Wednesday, 3 April 2013


The Malay children's play term for 'money grows on trees' is pokok duit when they play beli-beli (buy and sell) or masak-masak (children's cooking) in the backyard.

Kelantan used its own metal coins called pitis. These coins were round with either a round hole in the centre or without a hole. They were made with a hole in the centre so they that they could be stringed together. They were made to resemble a money tree, pokok duit.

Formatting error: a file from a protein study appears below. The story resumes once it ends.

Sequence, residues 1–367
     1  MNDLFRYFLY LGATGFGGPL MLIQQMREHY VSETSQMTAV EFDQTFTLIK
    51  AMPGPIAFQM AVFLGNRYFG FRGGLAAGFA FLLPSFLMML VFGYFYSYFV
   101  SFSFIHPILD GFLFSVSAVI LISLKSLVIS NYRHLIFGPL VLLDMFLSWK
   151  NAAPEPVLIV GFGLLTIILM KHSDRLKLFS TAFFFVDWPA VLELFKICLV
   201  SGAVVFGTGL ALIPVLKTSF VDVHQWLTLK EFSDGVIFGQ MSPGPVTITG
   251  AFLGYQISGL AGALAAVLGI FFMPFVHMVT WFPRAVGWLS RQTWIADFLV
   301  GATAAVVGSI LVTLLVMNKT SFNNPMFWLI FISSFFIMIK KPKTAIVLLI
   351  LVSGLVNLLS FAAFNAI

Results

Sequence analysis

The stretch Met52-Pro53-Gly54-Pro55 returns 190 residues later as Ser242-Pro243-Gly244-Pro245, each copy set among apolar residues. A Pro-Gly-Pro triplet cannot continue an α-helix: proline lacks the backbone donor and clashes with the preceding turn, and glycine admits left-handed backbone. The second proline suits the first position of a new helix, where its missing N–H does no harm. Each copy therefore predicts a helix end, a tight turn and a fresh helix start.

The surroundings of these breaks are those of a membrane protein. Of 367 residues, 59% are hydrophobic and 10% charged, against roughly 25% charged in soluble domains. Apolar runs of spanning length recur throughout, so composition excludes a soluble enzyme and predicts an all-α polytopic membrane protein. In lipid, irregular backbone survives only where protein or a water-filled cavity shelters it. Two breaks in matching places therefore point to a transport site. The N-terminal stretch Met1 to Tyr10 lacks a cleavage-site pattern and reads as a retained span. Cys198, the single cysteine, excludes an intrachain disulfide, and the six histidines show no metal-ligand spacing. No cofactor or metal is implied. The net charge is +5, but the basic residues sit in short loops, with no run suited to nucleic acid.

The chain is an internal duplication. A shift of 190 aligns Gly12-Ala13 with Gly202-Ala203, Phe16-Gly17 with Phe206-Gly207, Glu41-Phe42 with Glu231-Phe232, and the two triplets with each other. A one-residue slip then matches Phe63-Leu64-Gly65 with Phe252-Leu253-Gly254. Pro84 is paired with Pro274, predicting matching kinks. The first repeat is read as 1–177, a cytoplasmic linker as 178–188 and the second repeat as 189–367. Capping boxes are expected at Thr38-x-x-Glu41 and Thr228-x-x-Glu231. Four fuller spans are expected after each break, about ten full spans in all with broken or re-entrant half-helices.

Pokok duit and pitis may not be of any significance today, but if we look around, we will see that many people take this concept into consideration when they deal with money, be it a bank, design for a bank, or other.

What role did the pitis play? What does pitis look like? What does pokok duit look like?

Kelantan's pokok duit and loose pitis coins